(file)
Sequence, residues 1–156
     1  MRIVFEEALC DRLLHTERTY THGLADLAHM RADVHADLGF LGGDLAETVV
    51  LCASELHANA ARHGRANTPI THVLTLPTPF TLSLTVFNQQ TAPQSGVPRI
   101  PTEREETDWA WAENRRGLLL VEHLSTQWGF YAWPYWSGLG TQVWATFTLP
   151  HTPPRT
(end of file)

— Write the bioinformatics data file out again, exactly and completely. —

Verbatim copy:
Sequence, residues 1–156
     1  MRIVFEEALC DRLLHTERTY THGLADLAHM RADVHADLGF LGGDLAETVV
    51  LCASELHANA ARHGRANTPI THVLTLPTPF TLSLTVFNQQ TAPQSGVPRI
   101  PTEREETDWA WAENRRGLLL VEHLSTQWGF YAWPYWSGLG TQVWATFTLP
   151  HTPPRT